Oh my word, the excitement at 2GC! We have had our garden rejuvenated by the wonderful Hamish at The Secret Herb Garden in Edinburgh. No website as yet for them, they are brand new, but we have visited their herb nursery, with thousands of plants and incredibly tidy poly tunnels (enormous!) and lots of quirky sheds. Hamish handles the plant side of things, everything organic, tenderly cared for, albeit with a brisk, no-nonsense manner, and LOVED into thriving health. That loving plants has an effect on their growth, well-being and potency may sound derisory for those of the cult of Scientific Proof, but is a well known fact for the herbal community. Few of us would use herbs that had not been loved and cared for.
Hamish’ wife Liberty runs the other side of the business, antique and vintage gardening tools, furniture and gardening and home accessories. These are mainly housed in the scattering of sheds and outbuildings. She has a marvellous eye for what feels good to live with. She has also just given birth to a beautiful daughter (a couple of days old now) so their official opening may be delayed a couple of days 🙂 Watch this space for more info on their opening.
Our garden inhabitants, however, are now swaying gently in the Edinburgh breezes, with newly settled herbs giggling their way into the freshly enriched soil, getting to know their neighbours. They went in last Friday and are already growing considerably.
I’m sitting in the Scotch Malt Whisky Society rooms on Queen Street as I write this, so I am touring the garden from memory. Photos to follow, but here are the herbs gracing our quirky plot.
As we come out of the garden room, the bed on the left side of the steps houses Lilly of the Valley, and lots of smallish pink geraniums – they are established inhabitants, and look a little like American Cranesbill, but the leaves are slightly larger, I think. There is a large clump of tall buttercups looking magnificent behind the L of the V. A couple of drifts of Hostas and some lovely silvery green furry leaved beings – what are they called? Behind all these is a wonderful Camelia against the wall.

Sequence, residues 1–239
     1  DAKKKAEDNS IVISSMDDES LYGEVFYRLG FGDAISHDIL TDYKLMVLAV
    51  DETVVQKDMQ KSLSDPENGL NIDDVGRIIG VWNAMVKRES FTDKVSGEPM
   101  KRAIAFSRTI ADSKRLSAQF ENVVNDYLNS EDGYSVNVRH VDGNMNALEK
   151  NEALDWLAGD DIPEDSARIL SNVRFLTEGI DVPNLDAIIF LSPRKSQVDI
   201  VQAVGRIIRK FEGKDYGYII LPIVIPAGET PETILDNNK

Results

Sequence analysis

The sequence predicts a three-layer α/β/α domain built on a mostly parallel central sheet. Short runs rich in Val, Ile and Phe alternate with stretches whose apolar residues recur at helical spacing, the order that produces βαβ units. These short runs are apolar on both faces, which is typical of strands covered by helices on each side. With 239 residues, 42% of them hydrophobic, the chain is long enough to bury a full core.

On the other side of the steps are the Wild Strawberries – masses of them – and lots of small leaved ivy drifting over the wall. I have to curb this one’s enthusiasm as she wriggles her way into the wall, in the familiar ivy-like way. Alchemilla mollis loves it here – I think she is also called Lady’s Mantle. At the back some Welsh poppies, self seeded, and drifts of self seeded Geranium robertianum.
In pots climbing the steps are Salvia officinalis (Sage), Thymus vulgaris (common Thyme), Rosmarinus officinalis (common Rosemary), a large black Peppermint – this is a Mentha piperita vulgaris – two large Melissa officinalis (Lemon balm) and another very leggy Rosmarinus. This is a wonderful pot, as under the Rosmarinus there has appeared another self seeded healthy, straggly, ebullient Geranium robertianum – Herb Robert.